The “owners” of an LLC are referred to as “members.” Depending on the state, the members can consist of a single individual (one owner), two or more individuals, corporations, other LLCs, and even other entities.
Unlike shareholders in a corporation, LLCs are not taxed as a separate business entity. Instead, all profits and losses are “passed through” the business to each member of the LLC. LLC members report profits and losses on their personal federal tax returns, just like the owners of a partnership would.
Forming an LLC
While each state has slight variations to forming an LLC, they all adhere to some general principles:
Choose a Business Name. There are 3 rules that your LLC name needs to follow: (1) it must be different from an existing LLC in your state, (2) it must indicate that it’s an LLC (such as “LLC” or Limited Company”) and (3) it must not include words restricted by your state (such as “bank” and insurance”). Your business name is automatically registered with your state when you register your business, so you do not have to go through a separate process.
File the Articles of Organization. The “articles of organization” is a simple document that legitimizes your LLC and includes information like your business name, address, and the names of its members. The form is provided by and filed with your state’s LLC office. For most states, you file with the Secretary of State.
Create an Operating Agreement. Operating agreements are not required by most states and are not filed at your state office. However, an operating agreement is highly recommended for multi-member LLCs because it structures your LLC’s finances and organization, and provides rules and regulations for smooth operation. Percentage of interests, allocation of profits and losses, member’s rights and responsibilities, and other provisions are usually included here.
In the eyes of the federal government, an LLC is not a separate tax entity, and therefore the business itself is not taxed. Instead, all federal income taxes are passed on to the members of the LLC and are paid through their personal income tax. While the federal government does not tax income on an LLC, some states do, so check with your state’s income tax agency.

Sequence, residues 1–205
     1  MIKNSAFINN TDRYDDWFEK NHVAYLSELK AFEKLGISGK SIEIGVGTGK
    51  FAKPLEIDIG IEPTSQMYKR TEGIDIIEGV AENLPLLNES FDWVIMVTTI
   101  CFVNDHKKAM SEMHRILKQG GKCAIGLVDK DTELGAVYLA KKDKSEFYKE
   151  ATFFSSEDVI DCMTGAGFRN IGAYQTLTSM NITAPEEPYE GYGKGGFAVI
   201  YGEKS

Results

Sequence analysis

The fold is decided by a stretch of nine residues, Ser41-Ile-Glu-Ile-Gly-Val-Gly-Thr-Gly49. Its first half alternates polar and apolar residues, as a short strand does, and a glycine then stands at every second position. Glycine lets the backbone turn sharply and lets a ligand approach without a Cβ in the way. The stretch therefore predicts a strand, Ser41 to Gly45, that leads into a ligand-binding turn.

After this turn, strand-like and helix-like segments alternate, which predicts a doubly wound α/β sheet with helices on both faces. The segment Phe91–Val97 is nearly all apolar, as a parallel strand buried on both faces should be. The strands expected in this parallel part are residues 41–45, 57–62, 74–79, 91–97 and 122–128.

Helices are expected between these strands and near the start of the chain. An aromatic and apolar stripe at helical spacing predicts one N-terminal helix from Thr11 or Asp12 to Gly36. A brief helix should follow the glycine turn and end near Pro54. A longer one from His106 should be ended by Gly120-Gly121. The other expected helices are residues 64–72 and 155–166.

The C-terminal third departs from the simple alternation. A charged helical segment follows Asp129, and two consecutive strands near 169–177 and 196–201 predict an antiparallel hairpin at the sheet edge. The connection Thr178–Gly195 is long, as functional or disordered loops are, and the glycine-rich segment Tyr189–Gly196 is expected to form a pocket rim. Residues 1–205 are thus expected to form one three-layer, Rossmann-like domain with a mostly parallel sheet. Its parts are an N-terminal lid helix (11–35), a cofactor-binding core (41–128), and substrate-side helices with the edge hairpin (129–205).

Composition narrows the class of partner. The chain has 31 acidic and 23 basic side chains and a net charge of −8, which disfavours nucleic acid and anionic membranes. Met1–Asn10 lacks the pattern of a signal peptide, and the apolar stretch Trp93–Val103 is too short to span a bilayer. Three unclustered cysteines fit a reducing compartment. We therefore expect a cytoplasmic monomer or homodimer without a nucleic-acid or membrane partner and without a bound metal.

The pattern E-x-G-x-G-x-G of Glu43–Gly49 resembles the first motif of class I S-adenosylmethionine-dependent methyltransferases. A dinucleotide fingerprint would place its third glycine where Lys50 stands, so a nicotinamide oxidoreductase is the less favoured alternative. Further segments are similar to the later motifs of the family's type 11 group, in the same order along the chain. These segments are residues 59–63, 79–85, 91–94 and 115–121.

Since the federal government does not recognize LLC as a business entity for taxation purposes, all LLCs must file as a corporation, partnership, or sole proprietorship. Certain LLCs are automatically classified and taxed as a corporation by federal tax law.
Advantages of an LLC
- Limited Liability. Members are protected from personally liability for business decisions or actions of the LLC. This means that if the LLC incurs debt or is sued, members are not required to satisfy the claims with their personal assets. This is similar to the liability protections afforded to shareholders of a corporation. Keep in mind that limited liability means “limited” liability – members are not necessarily shielded from their or their employees’ tort actions, such as accidents.
- Less Recordkeeping. An LLC’s operational ease is one of its greatest advantages.
- Compared to an S-Corporation, there is less registration paperwork and there are smaller start-up costs. has earned what percentage of the profits or losses.
Disadvantages of an LLC
- Limited Life. In many states, when a member leaves an LLC, the business is dissolved and the members must fulfill all remaining legal and business obligations to close the business out. The remaining members can decide if they want to start a new LLC, or part ways. However, you can include provisions in your operating agreement to prolong the life of the LLC, should a member decide to leave the business.
- Self-Employment Taxes. Members of an LLC are considered self-employed and must pay the self-employment tax contributions towards Medicare and social security. The entire net income of the LLC is subject to this tax.